The sermon was quite good. The gospel was the famous scene of people trying to trip up Jesus by asking about paying taxes to Caesar. Father brought out a different aspect of the reading than the usual relation of church and state issues. He emphasized the importance of being honest with the Lord. The Lord's inquisitors slyly fawn over Him as a wise and learned man who shows no partiality. Then they try to get Him to show partiality that will cause trouble one way or the other. He has none of it and famously answers with "Render unto Caesar what is Caesar's and unto God what is God's." We too need to take care that we approach the Lord with humility and sincerity.

Sunday, October 9, 2011

Cry Room Chronicles LIX

We followed our usual routine today--9 a.m. Mass at our local parish with a potty stop before for Jacob. As Jacob and I came back into the church, we didn't see Mommy and Lucy in the back few pews on either side. We discovered them four or five rows back from the front! These seats were the closest we'd ever been. I forgot to ask why we were sitting so close.

Mass started as usual. When the priest announced the children's liturgy, Lucy decided not to go. She changed her mind during the gospel reading. We thought it was too late to go, so we made her stay. Turns out later during the tea and cakes, the lady who usually covers the tots room came by to ask where Lucy was. We made our explanation and said we'd probably be back next week. She said it was okay to come late if Lucy changed her mind.

At the offertory, we discovered we had almost no UK cash on us. The church got our last 26 pence of pocket change. We'll do better next week, we swear! Also, we lit candles with the promise of paying at least double next week. We better not miss Mass or go somewhere else next week. Or have no money on us again.

Other parts of the Mass went well. Jacob and Lucy were very quiet and well behaved. Jacob tried to sing along with songs, doing quite well with the gospel alleluia. Lucy did sneak out into the aisle a few times. The first couple of times she just stood there holding my hand. I thought it wasn't too disruptive so I let her do it. After communion, she tried to get back in the aisle while people were still in line to receive (since we were in pew four, there was lots of church behind us). Eventually the line finished. Lucy was back out in a flash. Then, apropos of nothing, she started jumping up and down. I thought that might be too disruptive, so I reeled her back into the pew.

The sermon was quite excellent today. The gospel was Jesus's parable of the king who holds a wedding feast. The invited guests don't show up so he sends out a couple of reminders. When the guests kill his messengers, he gets furious and wipes out their town. He then invites others from all over. One fellow doesn't wear the appropriate wedding garb and gets thrown out. Father explained that royal weddings at the time were as much politically motivated as anything else. Such were opportunities for the king to make alliances and promote peace and unity. The actions of the guests in the parable are quite terrible indeed. We too are invited to God's banquet at Mass. We too need to have the appropriate mindset and attire when we come to God's feast that promotes peace among all and the unity that is the Mystical Body of Christ. Also, father said that the king's question of the inappropriately dressed person, "Friend, what are you doing?" is very much like what Jesus says to Judas in the Garden of Gethsemane.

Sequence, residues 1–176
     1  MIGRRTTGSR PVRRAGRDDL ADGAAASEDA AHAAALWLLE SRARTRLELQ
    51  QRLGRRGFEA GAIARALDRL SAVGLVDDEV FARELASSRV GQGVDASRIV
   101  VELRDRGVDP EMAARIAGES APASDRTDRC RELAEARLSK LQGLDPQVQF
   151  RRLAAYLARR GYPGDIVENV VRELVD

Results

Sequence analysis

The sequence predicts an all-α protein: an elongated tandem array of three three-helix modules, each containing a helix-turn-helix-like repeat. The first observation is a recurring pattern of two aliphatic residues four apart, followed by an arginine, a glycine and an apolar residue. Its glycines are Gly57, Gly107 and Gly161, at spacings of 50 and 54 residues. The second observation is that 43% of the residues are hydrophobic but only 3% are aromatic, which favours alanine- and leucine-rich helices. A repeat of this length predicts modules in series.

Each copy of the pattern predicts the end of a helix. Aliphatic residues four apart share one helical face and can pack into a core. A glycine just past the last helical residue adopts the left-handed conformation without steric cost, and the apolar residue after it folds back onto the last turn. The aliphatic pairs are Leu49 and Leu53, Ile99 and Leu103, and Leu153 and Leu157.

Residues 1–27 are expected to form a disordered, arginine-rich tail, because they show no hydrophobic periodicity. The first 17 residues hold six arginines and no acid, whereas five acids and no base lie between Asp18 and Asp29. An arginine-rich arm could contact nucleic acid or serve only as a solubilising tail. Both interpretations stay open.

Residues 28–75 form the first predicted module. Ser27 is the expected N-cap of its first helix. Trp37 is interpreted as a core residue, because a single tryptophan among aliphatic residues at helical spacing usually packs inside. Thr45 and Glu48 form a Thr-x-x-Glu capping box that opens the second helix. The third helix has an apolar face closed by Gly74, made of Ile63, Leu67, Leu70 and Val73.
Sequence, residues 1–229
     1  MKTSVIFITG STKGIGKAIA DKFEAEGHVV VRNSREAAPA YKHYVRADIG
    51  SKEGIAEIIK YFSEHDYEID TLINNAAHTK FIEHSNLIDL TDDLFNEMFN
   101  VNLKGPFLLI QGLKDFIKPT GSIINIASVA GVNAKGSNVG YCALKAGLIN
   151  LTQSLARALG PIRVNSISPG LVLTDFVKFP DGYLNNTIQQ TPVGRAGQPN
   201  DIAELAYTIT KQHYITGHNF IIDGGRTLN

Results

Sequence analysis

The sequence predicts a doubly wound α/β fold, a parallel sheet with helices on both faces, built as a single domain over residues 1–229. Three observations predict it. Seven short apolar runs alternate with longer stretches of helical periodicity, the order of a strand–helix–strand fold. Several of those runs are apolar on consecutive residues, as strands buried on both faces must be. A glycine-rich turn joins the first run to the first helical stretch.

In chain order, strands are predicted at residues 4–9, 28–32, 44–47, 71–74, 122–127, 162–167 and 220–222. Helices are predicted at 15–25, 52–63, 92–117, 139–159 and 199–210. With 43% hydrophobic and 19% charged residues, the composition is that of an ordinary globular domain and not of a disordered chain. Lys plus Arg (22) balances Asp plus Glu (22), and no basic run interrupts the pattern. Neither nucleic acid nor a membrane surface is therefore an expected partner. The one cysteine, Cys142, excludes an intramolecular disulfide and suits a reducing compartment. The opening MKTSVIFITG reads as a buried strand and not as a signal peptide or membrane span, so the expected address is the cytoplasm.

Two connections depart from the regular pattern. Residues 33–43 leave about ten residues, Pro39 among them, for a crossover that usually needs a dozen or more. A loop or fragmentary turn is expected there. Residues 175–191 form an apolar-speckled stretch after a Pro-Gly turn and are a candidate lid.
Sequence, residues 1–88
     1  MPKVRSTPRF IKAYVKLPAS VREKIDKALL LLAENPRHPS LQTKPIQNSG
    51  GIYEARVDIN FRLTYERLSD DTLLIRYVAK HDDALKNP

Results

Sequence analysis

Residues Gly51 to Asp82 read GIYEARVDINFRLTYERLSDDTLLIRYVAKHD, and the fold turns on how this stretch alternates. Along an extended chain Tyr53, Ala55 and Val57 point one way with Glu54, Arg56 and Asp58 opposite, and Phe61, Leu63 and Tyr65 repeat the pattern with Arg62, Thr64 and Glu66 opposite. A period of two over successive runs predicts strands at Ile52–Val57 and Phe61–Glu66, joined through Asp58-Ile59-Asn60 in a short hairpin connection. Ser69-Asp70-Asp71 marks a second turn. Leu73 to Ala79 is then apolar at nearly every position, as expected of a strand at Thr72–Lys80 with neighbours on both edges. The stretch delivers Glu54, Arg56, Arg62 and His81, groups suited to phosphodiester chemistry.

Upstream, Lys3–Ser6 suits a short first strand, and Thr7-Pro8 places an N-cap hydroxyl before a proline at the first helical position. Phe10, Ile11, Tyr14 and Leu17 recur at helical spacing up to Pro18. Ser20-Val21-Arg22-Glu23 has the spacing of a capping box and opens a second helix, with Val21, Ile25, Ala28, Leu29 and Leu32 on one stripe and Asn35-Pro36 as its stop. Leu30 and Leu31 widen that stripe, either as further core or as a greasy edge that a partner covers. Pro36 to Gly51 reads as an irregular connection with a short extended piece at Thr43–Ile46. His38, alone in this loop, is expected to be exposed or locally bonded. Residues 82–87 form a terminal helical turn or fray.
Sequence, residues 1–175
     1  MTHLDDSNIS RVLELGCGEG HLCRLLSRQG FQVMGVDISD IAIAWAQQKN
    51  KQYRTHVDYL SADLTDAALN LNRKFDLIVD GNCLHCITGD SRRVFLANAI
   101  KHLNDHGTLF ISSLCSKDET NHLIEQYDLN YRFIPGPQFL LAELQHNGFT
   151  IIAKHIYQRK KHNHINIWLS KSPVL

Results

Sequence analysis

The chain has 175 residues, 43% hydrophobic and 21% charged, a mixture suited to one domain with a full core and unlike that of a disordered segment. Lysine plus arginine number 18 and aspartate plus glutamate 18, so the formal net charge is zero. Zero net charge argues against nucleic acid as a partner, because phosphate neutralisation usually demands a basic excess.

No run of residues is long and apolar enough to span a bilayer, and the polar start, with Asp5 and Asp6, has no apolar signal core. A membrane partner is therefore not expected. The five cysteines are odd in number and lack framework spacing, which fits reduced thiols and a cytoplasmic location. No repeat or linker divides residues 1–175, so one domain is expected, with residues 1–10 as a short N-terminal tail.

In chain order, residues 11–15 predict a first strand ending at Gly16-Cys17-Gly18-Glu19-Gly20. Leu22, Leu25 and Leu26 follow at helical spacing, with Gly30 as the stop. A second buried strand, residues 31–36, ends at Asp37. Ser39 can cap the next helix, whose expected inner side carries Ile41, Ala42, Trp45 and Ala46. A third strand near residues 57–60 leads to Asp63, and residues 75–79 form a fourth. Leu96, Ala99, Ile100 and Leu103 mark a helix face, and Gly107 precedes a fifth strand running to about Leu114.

Sunday, October 2, 2011

Cry Room Chronicles LVIII

We were back at our usual haunt, the 9 a.m. Mass at St. Robert's. The new addition was Auntie Gayle, who is visiting us for a week. We arrived early as usual, allowing Jacob to get a potty run in before Mass started.

Mass started with "Amazing Grace," which is the song that we are singing before dinner. Jacob and Lucy sang along, which made us very happy. Then father taught us to sing some parts of the newly translated Mass, including the Gospel Alleluia, the Holy, Holy, Holy, the Lamb of God, and other parts.

Lucy decided to go to the children's liturgy of the word across the street with Auntie Gayle and Mommy. Jacob and I stayed in church. Jacob was very well behaved, for which I was grateful. He sat quietly and did sing along with other parts and did his best with the Creed. He did spend a last part of Mass trying to shush Lucy, who had a little too much volume when she talked. They both put money in the collection, shook hands, and said some of the Our Father.

After Mass was over, we lit candles as is our custom. Jacob prayed for Lucy; I'm not sure what Lucy said she prayed for. We went back across the street for tea and snacks. The lady who led the pre-school liturgy of the word came over and talked to Lucy, who apparently did a great job and colored in a lion. I have the picture now. Too bad our fridge isn't metal on the outside, otherwise we'd hang it up.

Father's sermon built off of the gospel, Jesus's parable about a vineyard owner who rents out his land to tenants who abuse and kill the landowner's servants when they come to collect at harvest time. He finally sends his son whom they kill, figuring on taking his inheritance. Jesus asked the elders and chief priests who were listening what they thought. They said the landowner should come back and put the tenants to a wretched end and then rent the vineyard out to others who will pay at the proper time. Jesus then tells them, "the kingdom of God will be taken away from you and given to a people that will produce its fruit."

Father interpreted this parable as a call to take proper care of the Earth. We need to be good stewards of the creation given to us, especially in taking care of the poor and others who do not have what they need to live. I thought this was okay but missed the mark for what Jesus was saying. In addition to material reality, we need to be good stewards of the faith given to us, being fruitful and offering our work to Him.